Our Terms For Talks

TODAY we see the apartheid regime facing a deep and irreversible crisis. All its political strategies of reforming apartheid have failed dismally. Brutal repression under successive states of emergency has failed to dent the spirit of resistance among our people. The disastrous policies of successive Nationalist Party governments has resulted in economic chaos. Spiraling inflation is the order of the day. Sanctions, boycotts, and disinvestment have isolated apartheid South Africa as the pariah of the world.

Friends of the apartheid government argue that sanctions would result in black workers losing their jobs. We say that it is the abnormal situation in this country which produces such results. For us the central issue is: What is the most effective strategy to remove suffering?

We are in no doubt that sanctions are, to a very large extent, responsible for making the government responsive to the demands of our people. We call on the world to intensify the sanctions campaign.

As the crisis against apartheid intensifies, the ruling class is becoming more and more fragmented. More and more white youth are resisting military conscription. We embrace these objectors as true patriots. In the police force, Lieutenant Rockman and others have begun to show the way. We call on policemen to resist anything that is against the people.

The sight of hundreds of thousands of peaceful protesters using the streets and cities of our townships as ballot boxes should inspire us to intensify the struggle for total liberation.

The ANC has consistently, throughout its history, been committed to the policy of peace and negotiations. In 1952 I, as Secretary-General of the ANC, together with Dr. Moroka, the then-president of the ANC, wrote to Prime Minister Malan, calling on him to negotiate.

In 1955 we invited all organizations, including the National Party, to the Congress of the People. They did not come.

In 1958 Chief Luthuli, the then-president of the ANC, wrote to Prime Minister Strydom, urging him to negotiate.

In 1960, the ANC was banned and thousands of leaders and members were jailed or forced into exile.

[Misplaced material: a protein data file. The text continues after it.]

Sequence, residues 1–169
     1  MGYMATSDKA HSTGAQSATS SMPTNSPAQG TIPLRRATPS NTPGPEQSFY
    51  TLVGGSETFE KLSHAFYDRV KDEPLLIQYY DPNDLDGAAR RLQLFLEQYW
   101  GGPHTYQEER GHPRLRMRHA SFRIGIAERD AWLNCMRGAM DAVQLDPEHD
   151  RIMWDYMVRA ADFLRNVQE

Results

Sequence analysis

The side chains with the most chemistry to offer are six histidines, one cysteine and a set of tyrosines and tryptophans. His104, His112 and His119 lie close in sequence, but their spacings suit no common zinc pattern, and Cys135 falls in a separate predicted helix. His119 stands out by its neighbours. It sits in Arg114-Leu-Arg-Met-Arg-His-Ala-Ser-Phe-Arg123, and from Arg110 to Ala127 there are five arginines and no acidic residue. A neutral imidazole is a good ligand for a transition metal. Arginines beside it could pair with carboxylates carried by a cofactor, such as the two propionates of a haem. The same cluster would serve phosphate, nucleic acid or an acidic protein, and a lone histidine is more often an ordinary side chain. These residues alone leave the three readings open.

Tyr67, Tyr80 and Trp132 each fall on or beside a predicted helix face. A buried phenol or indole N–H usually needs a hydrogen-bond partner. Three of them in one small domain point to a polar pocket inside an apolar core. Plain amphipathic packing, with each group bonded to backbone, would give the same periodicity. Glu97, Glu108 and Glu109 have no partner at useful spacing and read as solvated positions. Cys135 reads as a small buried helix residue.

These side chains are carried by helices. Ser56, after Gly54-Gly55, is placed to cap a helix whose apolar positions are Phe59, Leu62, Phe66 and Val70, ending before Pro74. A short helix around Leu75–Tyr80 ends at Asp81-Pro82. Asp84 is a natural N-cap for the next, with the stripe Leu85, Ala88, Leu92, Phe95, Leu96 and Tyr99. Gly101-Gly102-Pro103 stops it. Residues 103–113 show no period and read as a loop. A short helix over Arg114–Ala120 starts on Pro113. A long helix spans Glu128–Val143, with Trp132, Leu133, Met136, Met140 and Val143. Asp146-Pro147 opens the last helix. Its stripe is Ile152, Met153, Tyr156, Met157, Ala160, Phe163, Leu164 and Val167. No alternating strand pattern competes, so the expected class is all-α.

In 1961 comrade Nelson Mandela, who was underground at the time, wrote to Prime Minister Verwoerd and asked him to call a national convention.

Our pleas fell on deaf ears.

That is why we formed Umkhonto We Sizwe, the Spear of the Nation. To defend our people and to fight for our freedom.

We stood for peace in 1912 when we were formed, we stood for peace in our long struggle of resistance, we stand for peace today and we will stand for peace tomorrow.

In spite of countless bitter experiences, we will not allow the past to stop us from constantly searching for the shortest possible path to freedom.

We call on the regime to:

release all political prisoners and detainees unconditionally;

lift all bans and restrictions on all proscribed and restricted organizations and persons;

remove all troops from the townships;

end the state of emergency and repeal all repressive legislation;

cease all political trials and political executions.

If such a climate is created the ANC is prepared, as the Harare Declaration says, to discuss the suspension of hostilities on both sides. There can be no question of us unilaterally abandoning the armed struggle.

To date, we see no clear indication that the government is serious about negotiations. All their utterances are vague.

Now the government talks about ethnic elections to choose the leaders of the black people. This is unacceptable to us.

We are looking forward to the election of a constituent assembly elected on the basis of universal adult franchise. This is where the true representatives of the people will discuss the future.

In the meantime, our duty is to intensify the struggle until we are able to get the regime to discuss the issue of normalizing the situation in South Africa.

The defiance campaign must continue. We cannot wait on the government to make changes at its own pace.

The struggle against apartheid is a struggle of all humanity.

We are interested in the new phase of political openness and peace that is unfolding all over the world. By eradicating apartheid we will be contributing to peace at home and to world peace.

You've read  of  free articles. Subscribe to continue.